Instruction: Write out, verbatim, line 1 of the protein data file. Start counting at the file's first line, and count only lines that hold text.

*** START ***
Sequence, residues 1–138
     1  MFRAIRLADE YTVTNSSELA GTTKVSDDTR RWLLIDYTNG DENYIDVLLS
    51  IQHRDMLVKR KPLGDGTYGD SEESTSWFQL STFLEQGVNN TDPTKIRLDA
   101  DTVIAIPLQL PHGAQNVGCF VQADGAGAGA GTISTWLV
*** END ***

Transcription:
Sequence, residues 1–138